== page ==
The Slope of the California Sky

We were home for exactly 18 hours.

Just enough time to wash the clothes, repack the duffle bags, replenish the snack box, and strap the bikes on the back.

And pick up David. (The most important part.)

This time we went west. As far as we could go, to the very edge of the continent as it were.

I know what you're thinking. This is too much. How much vacationing can one family do? Is this a blog or a travelogue? David was a little concerned as well. He worked extra long hours all week, getting caught up and getting ahead, but still felt a little guilty about missing another upcoming week of work.

It can't be helped, I said.

They're growing up, I said.

This summer is one more in a very limited number that our children will spend with us.

Gotta make the most of it.

Tonight David and I walked down a lovely stretch of beach. He was holding my hand. Delicious. It was among the nicest moments of my life. We watched the sun sink down the slippery slope of sky. As it neared the disappearance point, it seemed to speed up, falling faster and faster the closer it got to the horizon.

See? I said.

At sunrise, it seems like you've got forever. In the middle of the day, you're too busy to even notice the slow, steady track of the sun. But suddenly, at the gloaming, the sun is all out sprinting for the horizon. The colors on the clouds change faster than you can describe them. Then boom. You're standing there a little stunned that it's over. Wait. Wait!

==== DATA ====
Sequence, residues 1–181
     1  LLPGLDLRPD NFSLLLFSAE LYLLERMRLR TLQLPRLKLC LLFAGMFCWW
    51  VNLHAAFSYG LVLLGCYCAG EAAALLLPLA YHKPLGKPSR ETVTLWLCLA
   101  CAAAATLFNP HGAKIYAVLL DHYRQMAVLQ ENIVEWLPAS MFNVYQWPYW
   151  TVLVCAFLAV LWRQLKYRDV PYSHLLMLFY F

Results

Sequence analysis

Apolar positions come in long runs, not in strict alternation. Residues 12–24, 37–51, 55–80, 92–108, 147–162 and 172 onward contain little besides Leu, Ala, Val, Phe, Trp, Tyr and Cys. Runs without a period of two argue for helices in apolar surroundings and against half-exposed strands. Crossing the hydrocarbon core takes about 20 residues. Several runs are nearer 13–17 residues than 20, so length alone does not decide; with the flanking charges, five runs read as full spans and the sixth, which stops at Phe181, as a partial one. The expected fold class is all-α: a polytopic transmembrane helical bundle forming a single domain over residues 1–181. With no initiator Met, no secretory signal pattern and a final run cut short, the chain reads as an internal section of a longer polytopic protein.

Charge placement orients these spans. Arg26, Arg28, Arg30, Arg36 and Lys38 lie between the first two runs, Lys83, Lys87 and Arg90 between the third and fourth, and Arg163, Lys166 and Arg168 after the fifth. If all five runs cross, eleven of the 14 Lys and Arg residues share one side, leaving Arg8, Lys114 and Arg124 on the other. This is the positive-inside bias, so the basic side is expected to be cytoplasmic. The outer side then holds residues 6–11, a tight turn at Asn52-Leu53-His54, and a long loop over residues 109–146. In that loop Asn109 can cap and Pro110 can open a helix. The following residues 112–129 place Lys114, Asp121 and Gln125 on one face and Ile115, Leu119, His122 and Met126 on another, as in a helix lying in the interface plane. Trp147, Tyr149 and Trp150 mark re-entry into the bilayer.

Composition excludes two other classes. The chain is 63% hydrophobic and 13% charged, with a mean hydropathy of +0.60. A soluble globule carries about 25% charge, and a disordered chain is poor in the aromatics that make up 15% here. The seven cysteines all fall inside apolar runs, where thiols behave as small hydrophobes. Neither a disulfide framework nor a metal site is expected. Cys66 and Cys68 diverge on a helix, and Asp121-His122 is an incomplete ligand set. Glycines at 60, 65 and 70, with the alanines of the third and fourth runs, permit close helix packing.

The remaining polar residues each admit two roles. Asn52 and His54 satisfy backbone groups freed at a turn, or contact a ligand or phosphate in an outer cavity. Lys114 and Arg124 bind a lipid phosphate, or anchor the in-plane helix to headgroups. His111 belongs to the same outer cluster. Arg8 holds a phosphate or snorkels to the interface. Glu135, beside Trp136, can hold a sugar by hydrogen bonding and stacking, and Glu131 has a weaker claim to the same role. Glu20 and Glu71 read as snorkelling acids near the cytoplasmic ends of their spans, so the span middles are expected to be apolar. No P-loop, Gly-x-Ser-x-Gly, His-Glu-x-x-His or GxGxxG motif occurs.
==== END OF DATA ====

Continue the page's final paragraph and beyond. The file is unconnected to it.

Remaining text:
See? I say. It goes so fast. We have to make the most of it. And even though he doesn't say it, David squeezes my hand because he knows I'm right and he feels that urgency as keenly as I do.

Tonight as we were readying for bed, David gestured for me to come see. I peeked out of our bedroom to see my children kneeling with their cousins among the air mattresses and pillows and quilts, a nearly indistinguishable mass of limbs and bodies and bed coverings. My younger brother was offering the prayer. Petition and thanks, simple and heartfelt. Their heads were bowed. Their eyes were closed. The ocean waved behind them in rhythm. My heart tugged. The earth turned.

And another day passed out of sight.

I am happy to have been here, right here, when it did.